Statistical models use mathematical equations to encode information extracted
from the data. In some cases, statistical modeling techniques can provide adequate models very
quickly. Even for problems in which more flexible machinelearning techniques (such as neural
networks) can ultimately give better results, you can use some statistical models as baseline
predictive models to judge the performance of more advanced techniques.
The following statistical modeling nodes are available.

Linear regression models predict a continuous target based on linear relationships
between the target and one or more predictors.


Logistic regression is a statistical technique for classifying records based on values of
input fields. It is analogous to linear regression but takes a categorical target field instead of a
numeric range.


The PCA/Factor node provides powerful datareduction techniques to reduce the complexity of
your data. Principal components analysis (PCA) finds linear combinations of the input fields that do
the best job of capturing the variance in the entire set of fields, where the components are
orthogonal (perpendicular) to each other. Factor analysis attempts to identify underlying factors
that explain the pattern of correlations within a set of observed fields. For both approaches, the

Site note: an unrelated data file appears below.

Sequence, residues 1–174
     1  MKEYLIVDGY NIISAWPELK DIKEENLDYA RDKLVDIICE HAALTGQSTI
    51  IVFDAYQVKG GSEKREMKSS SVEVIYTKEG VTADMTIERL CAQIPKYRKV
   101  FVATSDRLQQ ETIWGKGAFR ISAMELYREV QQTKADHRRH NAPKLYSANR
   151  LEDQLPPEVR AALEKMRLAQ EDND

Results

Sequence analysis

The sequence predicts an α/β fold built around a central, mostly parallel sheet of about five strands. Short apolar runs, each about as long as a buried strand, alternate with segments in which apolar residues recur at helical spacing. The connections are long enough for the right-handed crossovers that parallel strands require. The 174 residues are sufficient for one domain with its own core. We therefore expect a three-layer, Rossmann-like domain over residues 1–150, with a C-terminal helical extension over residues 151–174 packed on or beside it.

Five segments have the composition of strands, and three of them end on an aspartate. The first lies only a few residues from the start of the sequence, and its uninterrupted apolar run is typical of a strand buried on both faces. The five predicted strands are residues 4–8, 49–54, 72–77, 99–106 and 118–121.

goal is to find a small number of derived fields that effectively summarizes the information in the
original set of fields.


Discriminant analysis makes more stringent assumptions than logistic regression but can be a
valuable alternative or supplement to a logistic regression analysis when those assumptions are met.


The Generalized Linear model expands the general linear model so that the dependent variable
is linearly related to the factors and covariates through a specified link function. Moreover, the
model allows for the dependent variable to have a nonnormal distribution. It covers the
functionality of a wide number of statistical models, including linear regression, logistic
regression, loglinear models for count data, and intervalcensored survival models.


A generalized linear mixed model (GLMM) extends the linear model so that the target can have
a nonnormal distribution, is linearly related to the factors and covariates via a specified link
function, and so that the observations can be correlated. Generalized linear mixed models cover a
wide variety of models, from simple linear regression to complex multilevel models for nonnormal
longitudinal data. 

The Cox regression node enables you to build a survival model for timetoevent data in the
presence of censored records. The model produces a survival function that predicts the probability
that the event of interest has occurred at a given time (t) for given values of the input
variables.